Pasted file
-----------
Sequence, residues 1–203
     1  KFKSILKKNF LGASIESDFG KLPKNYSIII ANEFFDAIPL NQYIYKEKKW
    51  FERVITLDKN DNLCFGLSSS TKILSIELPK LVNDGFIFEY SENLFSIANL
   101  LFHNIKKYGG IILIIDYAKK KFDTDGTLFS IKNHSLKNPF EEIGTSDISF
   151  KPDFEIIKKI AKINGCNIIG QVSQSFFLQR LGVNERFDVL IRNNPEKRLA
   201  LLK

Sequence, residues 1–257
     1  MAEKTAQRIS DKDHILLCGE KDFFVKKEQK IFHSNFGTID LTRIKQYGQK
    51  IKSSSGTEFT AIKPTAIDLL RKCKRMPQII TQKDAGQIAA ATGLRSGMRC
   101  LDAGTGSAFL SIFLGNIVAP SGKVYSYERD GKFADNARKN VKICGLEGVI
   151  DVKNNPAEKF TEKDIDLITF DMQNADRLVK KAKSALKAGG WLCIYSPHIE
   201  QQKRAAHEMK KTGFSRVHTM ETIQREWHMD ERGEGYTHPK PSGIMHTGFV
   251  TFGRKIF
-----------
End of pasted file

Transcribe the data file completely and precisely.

Sequence, residues 1–203
     1  KFKSILKKNF LGASIESDFG KLPKNYSIII ANEFFDAIPL NQYIYKEKKW
    51  FERVITLDKN DNLCFGLSSS TKILSIELPK LVNDGFIFEY SENLFSIANL
   101  LFHNIKKYGG IILIIDYAKK KFDTDGTLFS IKNHSLKNPF EEIGTSDISF
   151  KPDFEIIKKI AKINGCNIIG QVSQSFFLQR LGVNERFDVL IRNNPEKRLA
   201  LLK

Sequence, residues 1–257
     1  MAEKTAQRIS DKDHILLCGE KDFFVKKEQK IFHSNFGTID LTRIKQYGQK
    51  IKSSSGTEFT AIKPTAIDLL RKCKRMPQII TQKDAGQIAA ATGLRSGMRC
   101  LDAGTGSAFL SIFLGNIVAP SGKVYSYERD GKFADNARKN VKICGLEGVI
   151  DVKNNPAEKF TEKDIDLITF DMQNADRLVK KAKSALKAGG WLCIYSPHIE
   201  QQKRAAHEMK KTGFSRVHTM ETIQREWHMD ERGEGYTHPK PSGIMHTGFV
   251  TFGRKIF